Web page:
It begins with a wedding


Almost seven years ago, I came to Thailand on an exchange and was lucky enough to stay with the Leetrakool family. My Thai sister Daow invited me to her wedding this year, which was an event I could not miss and a perfect way to begin my trip! A Thai wedding is very different to the usual Australian weddings and I will try to explain it but as I did not have a translator, the following is only what I understood of the day.

I arrived 3 days before the big day when final preparations were in full swing. The day was to consist of a morning part and an evening reception. The morning part would take place at Daow’s parents house and they were expecting about 100-150 people. The following photos show the lead up.

Mum preparing the pink curtain backdrop- Daow had chosen pink to be the morning theme.


The aunts were constantly cooking from when I arrived to when they left on the Monday.

Dad overseeing the layout.

The wedding was on the Saturday and started at 6am, but much earlier for the bride who had to have her hair and makeup done. As an interesting side note, both the bride and groom underwent whitening as in Thailand tanned skin is considered to mean you are poor and have had to work in the sun, while white skin is considered to be mean you are rich and therefore much more beautiful! I can imagine them being very confused at an australian wedding where fake tan is the norm! The monks arrived on time but poor Daow was an hour late, this did not seem to matter too much though.

Daow the very beautiful bride.

The first ceremony of the day which I think was a Buddhist blessing from the nine monks for the couple. It went for about an hour and included the monks chanting.

Daow and Tooey (the groom) run a business delivering ice and drinks to restaurants. Tooey continued to work every day (6am to 5pm) leading up to the day and even worked the day after. After work every day there were numerous wedding details to oversee and I don’t think he or the bride had much sleep leading up to the day.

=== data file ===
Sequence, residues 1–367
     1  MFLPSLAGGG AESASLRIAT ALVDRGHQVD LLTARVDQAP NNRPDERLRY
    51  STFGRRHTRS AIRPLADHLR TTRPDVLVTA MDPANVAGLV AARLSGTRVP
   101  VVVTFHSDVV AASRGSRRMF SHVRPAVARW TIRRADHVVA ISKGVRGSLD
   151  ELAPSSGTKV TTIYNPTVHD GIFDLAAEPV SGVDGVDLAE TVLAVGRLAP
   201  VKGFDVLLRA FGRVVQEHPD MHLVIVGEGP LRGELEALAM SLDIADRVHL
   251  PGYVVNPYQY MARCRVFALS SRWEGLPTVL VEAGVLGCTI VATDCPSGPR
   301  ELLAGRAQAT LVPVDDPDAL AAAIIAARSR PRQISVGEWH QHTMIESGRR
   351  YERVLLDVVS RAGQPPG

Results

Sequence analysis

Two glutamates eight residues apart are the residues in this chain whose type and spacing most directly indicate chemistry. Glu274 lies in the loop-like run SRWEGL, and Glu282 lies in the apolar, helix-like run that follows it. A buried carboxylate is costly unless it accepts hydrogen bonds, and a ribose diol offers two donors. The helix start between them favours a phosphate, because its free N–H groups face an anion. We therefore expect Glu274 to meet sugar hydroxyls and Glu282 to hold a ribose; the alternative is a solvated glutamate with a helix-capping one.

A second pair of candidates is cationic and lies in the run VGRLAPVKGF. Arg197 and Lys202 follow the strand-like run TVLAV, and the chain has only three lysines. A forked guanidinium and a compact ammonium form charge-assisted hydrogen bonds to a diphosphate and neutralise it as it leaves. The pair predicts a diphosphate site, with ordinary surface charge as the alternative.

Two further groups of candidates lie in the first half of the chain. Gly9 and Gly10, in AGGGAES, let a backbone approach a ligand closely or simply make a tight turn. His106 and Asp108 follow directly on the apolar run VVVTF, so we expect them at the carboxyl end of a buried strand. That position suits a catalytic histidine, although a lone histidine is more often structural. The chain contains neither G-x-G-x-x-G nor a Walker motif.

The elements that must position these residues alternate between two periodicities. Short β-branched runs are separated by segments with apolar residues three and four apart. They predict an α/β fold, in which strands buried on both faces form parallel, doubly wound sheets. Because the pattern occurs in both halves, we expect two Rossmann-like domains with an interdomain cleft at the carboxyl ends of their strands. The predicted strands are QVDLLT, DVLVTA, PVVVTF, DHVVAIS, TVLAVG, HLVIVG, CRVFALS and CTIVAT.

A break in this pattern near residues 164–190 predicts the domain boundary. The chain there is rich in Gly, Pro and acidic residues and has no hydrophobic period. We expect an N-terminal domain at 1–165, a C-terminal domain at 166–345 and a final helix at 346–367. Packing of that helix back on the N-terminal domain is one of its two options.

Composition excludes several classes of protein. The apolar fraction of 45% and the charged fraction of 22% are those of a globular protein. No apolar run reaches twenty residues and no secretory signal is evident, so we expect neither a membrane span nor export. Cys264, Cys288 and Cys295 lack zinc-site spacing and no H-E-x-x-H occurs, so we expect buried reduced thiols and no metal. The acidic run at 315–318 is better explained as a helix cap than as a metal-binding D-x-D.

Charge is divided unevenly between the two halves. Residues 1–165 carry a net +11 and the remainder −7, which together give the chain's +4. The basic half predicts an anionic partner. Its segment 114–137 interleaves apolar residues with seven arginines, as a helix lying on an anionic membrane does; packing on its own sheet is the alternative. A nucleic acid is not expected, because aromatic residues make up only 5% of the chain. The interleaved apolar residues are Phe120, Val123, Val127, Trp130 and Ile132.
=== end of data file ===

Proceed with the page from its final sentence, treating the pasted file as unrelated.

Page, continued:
Before the actual wedding day, Daow and Tooey had photos taken in numerous wedding outfits. Some of these were put on display for the guests to see. Notice the billboard sized one, which ended up being graffitied with well wishes by guests.

There was then another blessing (or prayer) on the street to the ancestors, asking for forgiveness for any past wrongdoing and their blessing for their future family. Notice the guests in the background sitting outside the front of the house.

The bride and groom followed by the parents then put rice into the monks pots, other guests then followed.

After everyone had eaten, including the monks who left once they had finished, Tooey and his family and friends left the house and came back in a sort of march, singing and yelling. They arrived back at Daow’s house, where they were met by friends of Daow who held out pieces of jewellery, blocking his entry to the house. Tooey then needed to pay everyone off so that he could enter. I did not get a good photo of the march as I was one of the people who would not let him pass. There were also two family members with microphones commentating on what was going on, I was forced to speak Thai into a microphone saying that he could not pass but by everyone’s laughter I think I must have said something else!